Silence is violence

Irene Si and Shivani Sethu

The least we can do is educate ourselves, learn how to be anti-racist and support and uplift the Black community.

— senior Sarah Elobaid

Many people are willing to stand by as Black people are repeatedly subject to discrimination, racial profiling and police brutality. They witness the injustices faced by the Black community with the sole consolation that they themselves would never be the perpetrator. Anti-racism is more than that. It’s taking action against racist institutions and joining the fight for equality. It’s about no longer being complacent and staying quiet while racially-fueled aggressions occur right in front of our eyes. With the current degree of racial prejudice and inequality in the world, simply not contributing to the problem isn’t enough.

“If it doesn’t impact [them], people have a tendency to think, ‘It doesn’t impact me, I don’t want to do anything.’ You have to change this mindset and do things for other people before doing things for yourself,” junior Isis Holmes said. “We need to come together as a community, build relationships and want to do good.”

Black Lives Matter is not a trend. This is a nation-wide issue that resides in the deep-seated prejudices of the country. Although it may seem near impossible to make a real difference, change always starts with those brave enough to take initiative.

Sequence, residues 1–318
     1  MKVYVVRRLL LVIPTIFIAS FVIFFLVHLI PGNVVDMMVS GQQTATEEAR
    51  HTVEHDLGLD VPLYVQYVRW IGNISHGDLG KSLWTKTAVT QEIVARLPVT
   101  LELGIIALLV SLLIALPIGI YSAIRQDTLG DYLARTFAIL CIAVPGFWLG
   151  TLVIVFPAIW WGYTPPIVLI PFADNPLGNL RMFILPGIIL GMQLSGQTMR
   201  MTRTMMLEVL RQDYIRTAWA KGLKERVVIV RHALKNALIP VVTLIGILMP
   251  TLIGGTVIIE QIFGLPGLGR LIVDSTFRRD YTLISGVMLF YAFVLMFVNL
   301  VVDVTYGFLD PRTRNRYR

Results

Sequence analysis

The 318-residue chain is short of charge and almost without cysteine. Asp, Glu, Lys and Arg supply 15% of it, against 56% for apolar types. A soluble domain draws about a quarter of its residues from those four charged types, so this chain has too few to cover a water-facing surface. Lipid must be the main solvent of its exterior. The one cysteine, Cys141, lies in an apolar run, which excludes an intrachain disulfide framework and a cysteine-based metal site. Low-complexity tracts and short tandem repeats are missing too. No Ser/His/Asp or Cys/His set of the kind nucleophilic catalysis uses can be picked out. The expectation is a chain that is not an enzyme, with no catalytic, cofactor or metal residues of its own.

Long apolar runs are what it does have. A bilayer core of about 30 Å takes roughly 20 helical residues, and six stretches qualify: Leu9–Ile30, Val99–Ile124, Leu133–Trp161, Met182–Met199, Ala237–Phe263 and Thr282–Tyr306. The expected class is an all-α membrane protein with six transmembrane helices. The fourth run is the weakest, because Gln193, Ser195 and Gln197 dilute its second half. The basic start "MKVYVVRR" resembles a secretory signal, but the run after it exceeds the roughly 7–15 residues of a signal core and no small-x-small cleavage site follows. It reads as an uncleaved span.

“I think as teens we need to participate in civic actions like lobbying and petition signing. We can still influence lawmakers and politicians even though we are not eligible to vote,” senior Sarah Elobaid said. “The least we can do is educate ourselves, learn how to be anti-racist and support and uplift the Black community during these pressing times.”

Many Chantilly students have taken it upon themselves to help combat racism. From organizing and attending protests to simply being educated on the problems faced by Black Americans, their efforts have helped continue the conversation of political and social justice issues in our society.  

“Engage in educated conversations with other people and actually try to learn about what’s happening. There are so many clubs provided by the school and students should get involved so they can interact and learn from each other,” Holmes said. “Join minority-focused clubs, like Asian Student Association and Black Student Association. I just joined Asian Student Association even though I’m the only non-Asian person there because I’m committed to learning. Encourage others to do the same, and there’s going to be good karma that comes out of that.”